Iran bans use of encrypted Telegram messaging app

Iran bans use of encrypted Telegram messaging app
Government workers can no longer use Telegram and experts say all foreign messaging services could soon be banned as Iran clamps down on encrypted communications.
2 min read
19 April, 2018
A woman in Tehran protests against censorship [Getty]
Iran's supreme leader Ayatollah Ali Khamenei said on Wednesday he would stop using the popular Telegram messaging app and switch to a domestic provider.

The office of President Hassan Rouhani meanwhile announced a ban on government and administration workers from using the service to communicate, according to IRNA news agency.

The move comes days after Russia announced a similar ban on the popular messaging service. 

Telegram is the most popular social media service in Iran with some 40 million users - roughly half the population. It was built by Russian tech guru Pavel Durov and offers end-to-end encryption, allowing users to keep the prying eyes of government away. 

The application has been popular among activists and protesters critical of the Islamic Republic. 

"In line with safeguarding national interests and removing the monopoly of the Telegram messaging network, the website for the preservation and publication of the works of Grand Ayatollah Khamenei will stop its activities in this network from this moment," said the last message on Khamenei's Telegram channel.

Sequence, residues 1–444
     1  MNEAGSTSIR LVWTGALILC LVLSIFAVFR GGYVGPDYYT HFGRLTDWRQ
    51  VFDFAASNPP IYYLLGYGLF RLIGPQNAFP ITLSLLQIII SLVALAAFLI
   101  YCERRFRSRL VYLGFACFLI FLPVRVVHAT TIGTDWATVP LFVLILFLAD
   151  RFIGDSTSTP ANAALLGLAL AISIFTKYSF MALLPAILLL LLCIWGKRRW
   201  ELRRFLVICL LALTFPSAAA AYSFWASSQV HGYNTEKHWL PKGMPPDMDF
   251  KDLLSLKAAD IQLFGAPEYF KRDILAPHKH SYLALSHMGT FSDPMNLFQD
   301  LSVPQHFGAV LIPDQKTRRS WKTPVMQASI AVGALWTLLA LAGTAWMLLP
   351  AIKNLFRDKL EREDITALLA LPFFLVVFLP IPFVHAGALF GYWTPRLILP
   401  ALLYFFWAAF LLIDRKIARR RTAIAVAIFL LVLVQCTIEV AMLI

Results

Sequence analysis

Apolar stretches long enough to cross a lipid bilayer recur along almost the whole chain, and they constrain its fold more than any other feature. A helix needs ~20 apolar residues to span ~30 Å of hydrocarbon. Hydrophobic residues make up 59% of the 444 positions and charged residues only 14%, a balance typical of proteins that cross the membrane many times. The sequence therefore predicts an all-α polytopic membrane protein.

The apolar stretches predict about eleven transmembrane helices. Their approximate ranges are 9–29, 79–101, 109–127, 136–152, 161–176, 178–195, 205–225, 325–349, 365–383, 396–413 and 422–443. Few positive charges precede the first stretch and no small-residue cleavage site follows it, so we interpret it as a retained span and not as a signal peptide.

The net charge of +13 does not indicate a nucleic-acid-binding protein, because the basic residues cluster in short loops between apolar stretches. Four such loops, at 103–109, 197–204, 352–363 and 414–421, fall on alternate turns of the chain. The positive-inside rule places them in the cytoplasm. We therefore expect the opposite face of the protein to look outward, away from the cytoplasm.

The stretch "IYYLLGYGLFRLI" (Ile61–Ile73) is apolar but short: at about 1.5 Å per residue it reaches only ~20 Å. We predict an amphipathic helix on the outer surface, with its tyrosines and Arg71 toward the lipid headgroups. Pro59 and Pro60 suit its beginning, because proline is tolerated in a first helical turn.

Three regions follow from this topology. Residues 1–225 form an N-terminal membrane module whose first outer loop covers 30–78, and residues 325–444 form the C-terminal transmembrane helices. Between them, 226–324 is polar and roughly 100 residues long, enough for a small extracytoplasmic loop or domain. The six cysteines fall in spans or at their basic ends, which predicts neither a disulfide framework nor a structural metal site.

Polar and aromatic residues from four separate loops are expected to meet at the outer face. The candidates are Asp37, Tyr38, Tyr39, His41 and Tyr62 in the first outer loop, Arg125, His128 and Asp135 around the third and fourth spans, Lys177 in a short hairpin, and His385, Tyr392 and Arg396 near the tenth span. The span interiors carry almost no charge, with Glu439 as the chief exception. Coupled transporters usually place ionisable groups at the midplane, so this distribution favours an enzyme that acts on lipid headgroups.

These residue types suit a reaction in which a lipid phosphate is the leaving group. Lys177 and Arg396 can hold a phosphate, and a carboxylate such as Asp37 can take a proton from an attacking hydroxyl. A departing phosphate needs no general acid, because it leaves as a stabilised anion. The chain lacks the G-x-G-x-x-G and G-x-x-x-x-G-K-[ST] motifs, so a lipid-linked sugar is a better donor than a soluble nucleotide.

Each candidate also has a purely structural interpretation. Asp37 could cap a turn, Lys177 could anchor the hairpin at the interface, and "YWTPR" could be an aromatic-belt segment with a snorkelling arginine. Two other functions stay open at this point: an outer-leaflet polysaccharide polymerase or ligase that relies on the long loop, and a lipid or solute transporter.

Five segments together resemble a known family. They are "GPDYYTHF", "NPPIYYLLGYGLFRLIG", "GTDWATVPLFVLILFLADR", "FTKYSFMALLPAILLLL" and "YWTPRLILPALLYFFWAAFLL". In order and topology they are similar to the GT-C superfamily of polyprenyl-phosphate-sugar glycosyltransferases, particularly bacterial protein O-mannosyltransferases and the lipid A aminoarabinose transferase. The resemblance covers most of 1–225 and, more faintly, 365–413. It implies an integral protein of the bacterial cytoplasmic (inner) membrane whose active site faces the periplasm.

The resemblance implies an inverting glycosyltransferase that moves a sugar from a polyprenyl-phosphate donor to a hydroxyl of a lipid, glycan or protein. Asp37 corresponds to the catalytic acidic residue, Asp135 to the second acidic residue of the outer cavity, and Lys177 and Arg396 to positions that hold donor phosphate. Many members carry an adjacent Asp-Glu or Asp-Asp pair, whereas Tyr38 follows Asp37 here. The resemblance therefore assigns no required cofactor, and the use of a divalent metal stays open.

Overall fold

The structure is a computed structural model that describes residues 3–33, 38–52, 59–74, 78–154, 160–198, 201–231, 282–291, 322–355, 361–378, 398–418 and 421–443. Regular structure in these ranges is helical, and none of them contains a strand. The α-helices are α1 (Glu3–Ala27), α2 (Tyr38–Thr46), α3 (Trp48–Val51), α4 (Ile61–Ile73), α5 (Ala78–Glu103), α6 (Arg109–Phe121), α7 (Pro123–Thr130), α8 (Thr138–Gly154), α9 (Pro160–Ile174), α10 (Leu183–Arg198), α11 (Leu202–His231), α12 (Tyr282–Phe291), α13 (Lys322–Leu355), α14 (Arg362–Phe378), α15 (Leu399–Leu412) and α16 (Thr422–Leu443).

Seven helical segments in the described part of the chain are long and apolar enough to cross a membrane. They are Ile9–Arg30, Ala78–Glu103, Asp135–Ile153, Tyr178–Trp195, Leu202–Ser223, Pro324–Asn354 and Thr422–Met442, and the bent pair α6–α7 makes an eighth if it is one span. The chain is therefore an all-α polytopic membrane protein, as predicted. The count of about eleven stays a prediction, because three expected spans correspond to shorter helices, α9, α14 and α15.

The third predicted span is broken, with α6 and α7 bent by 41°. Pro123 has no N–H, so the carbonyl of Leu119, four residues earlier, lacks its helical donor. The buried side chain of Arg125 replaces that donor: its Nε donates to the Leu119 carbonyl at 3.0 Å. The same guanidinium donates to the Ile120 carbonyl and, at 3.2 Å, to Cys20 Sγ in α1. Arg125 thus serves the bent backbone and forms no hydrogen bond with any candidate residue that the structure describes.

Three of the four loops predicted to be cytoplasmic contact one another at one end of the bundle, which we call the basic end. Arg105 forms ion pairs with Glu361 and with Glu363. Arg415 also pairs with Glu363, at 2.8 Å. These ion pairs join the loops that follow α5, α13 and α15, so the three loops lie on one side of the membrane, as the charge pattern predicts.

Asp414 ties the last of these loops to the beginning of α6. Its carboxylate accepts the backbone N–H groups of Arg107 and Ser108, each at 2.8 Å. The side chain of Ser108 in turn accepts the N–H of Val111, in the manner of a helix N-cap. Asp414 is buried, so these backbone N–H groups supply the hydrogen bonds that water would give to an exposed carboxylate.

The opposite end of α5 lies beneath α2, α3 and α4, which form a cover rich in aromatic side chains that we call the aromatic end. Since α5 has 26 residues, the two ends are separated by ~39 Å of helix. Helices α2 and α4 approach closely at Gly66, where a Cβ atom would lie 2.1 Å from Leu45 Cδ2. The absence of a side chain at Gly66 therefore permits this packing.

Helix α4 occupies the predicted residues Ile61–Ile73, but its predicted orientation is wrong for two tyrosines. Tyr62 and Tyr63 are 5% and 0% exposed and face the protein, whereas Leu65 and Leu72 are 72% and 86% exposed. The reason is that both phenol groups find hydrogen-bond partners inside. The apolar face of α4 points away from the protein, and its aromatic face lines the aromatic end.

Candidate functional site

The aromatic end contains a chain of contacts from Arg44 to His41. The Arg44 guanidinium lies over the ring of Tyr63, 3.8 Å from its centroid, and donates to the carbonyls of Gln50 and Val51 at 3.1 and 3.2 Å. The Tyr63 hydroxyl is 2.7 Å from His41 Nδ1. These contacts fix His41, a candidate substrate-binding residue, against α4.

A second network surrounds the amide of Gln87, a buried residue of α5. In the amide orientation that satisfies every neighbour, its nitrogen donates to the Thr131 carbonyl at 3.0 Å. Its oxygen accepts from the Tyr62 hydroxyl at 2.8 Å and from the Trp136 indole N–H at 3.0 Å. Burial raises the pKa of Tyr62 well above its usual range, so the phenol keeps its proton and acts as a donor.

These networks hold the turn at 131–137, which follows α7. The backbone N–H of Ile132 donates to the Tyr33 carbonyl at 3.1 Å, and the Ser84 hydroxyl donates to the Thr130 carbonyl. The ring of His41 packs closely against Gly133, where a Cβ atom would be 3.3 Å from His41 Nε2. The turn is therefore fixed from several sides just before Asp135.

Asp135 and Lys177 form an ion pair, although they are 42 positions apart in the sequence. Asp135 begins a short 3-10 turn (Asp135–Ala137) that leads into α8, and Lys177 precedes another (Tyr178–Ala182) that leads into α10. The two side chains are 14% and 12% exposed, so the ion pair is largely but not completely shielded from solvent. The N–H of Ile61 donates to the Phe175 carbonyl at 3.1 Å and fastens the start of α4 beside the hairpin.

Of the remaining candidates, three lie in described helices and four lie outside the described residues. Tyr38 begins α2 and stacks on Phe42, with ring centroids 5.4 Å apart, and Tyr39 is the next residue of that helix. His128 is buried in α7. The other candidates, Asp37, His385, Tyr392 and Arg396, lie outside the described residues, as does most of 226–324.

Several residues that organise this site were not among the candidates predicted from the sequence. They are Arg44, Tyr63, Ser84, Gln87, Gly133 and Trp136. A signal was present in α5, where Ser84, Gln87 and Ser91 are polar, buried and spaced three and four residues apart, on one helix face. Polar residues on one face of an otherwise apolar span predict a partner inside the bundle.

His post directed users to accounts on Iranian messaging services, including Soroush and Gap, which the authorities are trying to promote. 

First Vice President Eshagh Jahangiri and foreign ministry spokesperson Bahram Ghassemi followed suit by closing their Telegram accounts on Wednesday, IRNA reported.

Last week, Khamenei issued a statement saying any breaches of online privacy were haram, meaning they were religiously forbidden. Iran experts interpreted the comments as meant to encourage the use of domestic apps, which many fear will be monitored by police and security services.

Khamenei's channel said his move away from Telegram was an initial step toward stopping its use by all "official bodies". 

During a wave of protests that hit dozens of Iranian cities in December and January - leaving 25 people dead and more than 5,000 reportedly arrested - Iranian authorities temporarily banned Telegram, accusing it of allowing foreign-based "counter-revolutionary" groups to fuel unrest. 

But the government of President Hassan Rouhani has pushed back against efforts to block Telegram and other popular services such as Instagram, saying thousands of businesses use the service and access to the outside world should not be curtailed. 

On Tuesday conservative lawmaker Abolfazl Abutorabi said "all foreign messaging services" could be banned on April 21, with Telegram first to go. 

On Sunday, the ministry of education banned the use of foreign social media networks in schools. 

Follow us on Twitter: @The_NewArab